NASA has released a new image from space of a massive iceberg – widely heralded in July 2012 to be twice the size of Manhattan – calved from Greenland’s Petermann Glacier in mid-July 2012. NASA’s Terra satellite saw it in September 2012, drifting slowly away from the glacier. It’s drifting in the Nares Strait between Canada’s Ellesmere Island and Greenland.
Scientists have labeled this iceberg as PII-2012. Satellite observations showed it was still intact on August 31, but that, by September 4, it has started to fragment away from the main glacier. Now you can see the main iceberg and two smaller fragments drifting through Nares Strait.
Petermann Glacier is in northwestern Greenland. It connects the Greenland ice sheet to the Arctic Ocean near 81 degrees north latitude. The large iceberg is now drifting in the strait between Greenland and Canada’s Ellesmere Island (which, by the way, is the world’s tenth largest island and Canada’s third largest island).
The iceberg originally calved from the glacier’s floating ice tongue on July 16, 2012. The estimated area of the main iceberg – which you could think of as a new island of ice – is approximately 130 km2.
Ice islands from the Petermann Glacier are known to drift southwards periodically into Baffin Bay. They can move down the Labrador coast, sometimes reaching Newfoundland, where they pose a hazard to shipping and navigation.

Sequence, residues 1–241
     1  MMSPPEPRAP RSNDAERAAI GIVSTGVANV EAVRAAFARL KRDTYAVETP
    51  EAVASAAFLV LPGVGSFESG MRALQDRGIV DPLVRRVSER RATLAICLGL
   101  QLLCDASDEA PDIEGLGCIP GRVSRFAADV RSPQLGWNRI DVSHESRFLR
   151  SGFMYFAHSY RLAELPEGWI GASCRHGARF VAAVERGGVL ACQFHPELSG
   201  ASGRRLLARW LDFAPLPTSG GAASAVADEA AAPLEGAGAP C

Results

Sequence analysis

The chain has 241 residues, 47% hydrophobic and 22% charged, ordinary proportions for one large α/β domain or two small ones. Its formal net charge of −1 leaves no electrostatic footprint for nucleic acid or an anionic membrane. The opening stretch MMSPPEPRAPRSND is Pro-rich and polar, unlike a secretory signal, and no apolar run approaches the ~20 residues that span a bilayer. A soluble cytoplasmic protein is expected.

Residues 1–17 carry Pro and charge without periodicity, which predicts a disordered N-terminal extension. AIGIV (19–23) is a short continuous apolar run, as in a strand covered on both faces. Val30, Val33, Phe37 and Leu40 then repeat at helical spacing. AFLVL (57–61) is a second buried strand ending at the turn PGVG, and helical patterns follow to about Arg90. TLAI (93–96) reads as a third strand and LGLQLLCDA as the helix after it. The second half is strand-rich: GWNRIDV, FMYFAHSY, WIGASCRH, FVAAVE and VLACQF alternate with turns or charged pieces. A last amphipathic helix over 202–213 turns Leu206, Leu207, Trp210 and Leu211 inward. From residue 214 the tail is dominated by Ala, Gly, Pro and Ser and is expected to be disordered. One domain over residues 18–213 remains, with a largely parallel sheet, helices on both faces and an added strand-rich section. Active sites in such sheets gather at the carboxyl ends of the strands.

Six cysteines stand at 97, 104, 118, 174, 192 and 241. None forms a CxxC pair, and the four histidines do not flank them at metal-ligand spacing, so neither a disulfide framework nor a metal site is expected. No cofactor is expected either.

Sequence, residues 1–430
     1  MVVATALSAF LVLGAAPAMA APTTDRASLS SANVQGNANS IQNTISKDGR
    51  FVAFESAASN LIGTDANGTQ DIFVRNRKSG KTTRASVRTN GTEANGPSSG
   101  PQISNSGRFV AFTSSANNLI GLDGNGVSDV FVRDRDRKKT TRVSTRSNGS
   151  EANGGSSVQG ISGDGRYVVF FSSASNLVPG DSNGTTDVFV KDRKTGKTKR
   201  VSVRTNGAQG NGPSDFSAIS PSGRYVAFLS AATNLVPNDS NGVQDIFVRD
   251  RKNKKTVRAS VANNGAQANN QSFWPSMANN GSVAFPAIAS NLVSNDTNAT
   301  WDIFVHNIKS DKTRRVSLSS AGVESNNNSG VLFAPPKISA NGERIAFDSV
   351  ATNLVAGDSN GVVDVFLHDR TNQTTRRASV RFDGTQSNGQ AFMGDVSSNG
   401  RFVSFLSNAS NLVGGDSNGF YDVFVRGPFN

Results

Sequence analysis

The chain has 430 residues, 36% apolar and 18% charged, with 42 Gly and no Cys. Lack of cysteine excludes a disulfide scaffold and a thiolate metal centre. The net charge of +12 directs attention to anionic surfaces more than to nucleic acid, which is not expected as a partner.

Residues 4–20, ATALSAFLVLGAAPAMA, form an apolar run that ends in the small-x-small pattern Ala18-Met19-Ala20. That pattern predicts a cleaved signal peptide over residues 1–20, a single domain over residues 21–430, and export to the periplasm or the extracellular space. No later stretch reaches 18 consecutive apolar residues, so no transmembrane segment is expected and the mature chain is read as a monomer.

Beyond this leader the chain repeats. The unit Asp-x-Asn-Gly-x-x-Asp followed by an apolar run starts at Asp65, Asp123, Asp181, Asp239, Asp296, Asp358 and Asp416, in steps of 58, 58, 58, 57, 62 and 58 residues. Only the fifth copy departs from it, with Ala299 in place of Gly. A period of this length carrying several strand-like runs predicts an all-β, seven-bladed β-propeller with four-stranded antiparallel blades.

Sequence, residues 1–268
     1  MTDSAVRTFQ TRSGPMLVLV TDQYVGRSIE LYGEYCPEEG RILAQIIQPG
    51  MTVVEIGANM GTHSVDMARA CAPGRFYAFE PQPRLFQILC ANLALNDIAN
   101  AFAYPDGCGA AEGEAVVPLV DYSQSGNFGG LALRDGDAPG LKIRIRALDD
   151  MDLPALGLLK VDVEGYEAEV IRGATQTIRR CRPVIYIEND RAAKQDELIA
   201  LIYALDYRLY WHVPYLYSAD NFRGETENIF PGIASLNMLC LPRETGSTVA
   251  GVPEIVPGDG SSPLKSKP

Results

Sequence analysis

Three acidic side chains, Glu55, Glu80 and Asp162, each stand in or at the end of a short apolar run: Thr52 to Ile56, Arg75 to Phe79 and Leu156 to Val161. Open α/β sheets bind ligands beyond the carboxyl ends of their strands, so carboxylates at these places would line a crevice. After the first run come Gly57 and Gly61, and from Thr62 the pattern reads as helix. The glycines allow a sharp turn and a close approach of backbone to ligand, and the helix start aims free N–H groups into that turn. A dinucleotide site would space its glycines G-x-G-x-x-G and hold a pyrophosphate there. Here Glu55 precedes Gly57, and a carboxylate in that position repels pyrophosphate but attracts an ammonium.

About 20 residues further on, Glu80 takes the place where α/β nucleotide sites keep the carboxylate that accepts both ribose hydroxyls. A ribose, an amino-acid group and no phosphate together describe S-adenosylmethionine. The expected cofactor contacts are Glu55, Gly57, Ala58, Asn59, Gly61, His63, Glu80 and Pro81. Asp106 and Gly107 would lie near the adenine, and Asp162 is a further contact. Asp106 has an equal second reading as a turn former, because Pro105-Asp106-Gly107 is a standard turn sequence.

Bottom line: A massive iceberg – labeled PII-2012 by scientists and said to be “twice the size of Manhattan” – has broken away from the Petermann Glacier in northernwestern Greenland and is now drifting in the Nares Strait between Greenland and Canada’s Ellesmere Island.
Deborah Byrd created the EarthSky radio series in 1991 and EarthSky.org in 1994. Today, she serves as Editor-in-Chief of this website. She has won a galaxy of awards from the broadcasting and science communities, including having an asteroid named 3505 Byrd in her honor. A science communicator and educator since 1976, Byrd believes in science as a force for good in the world and a vital tool for the 21st century. "Being an EarthSky editor is like hosting a big global party for cool nature-lovers," she says.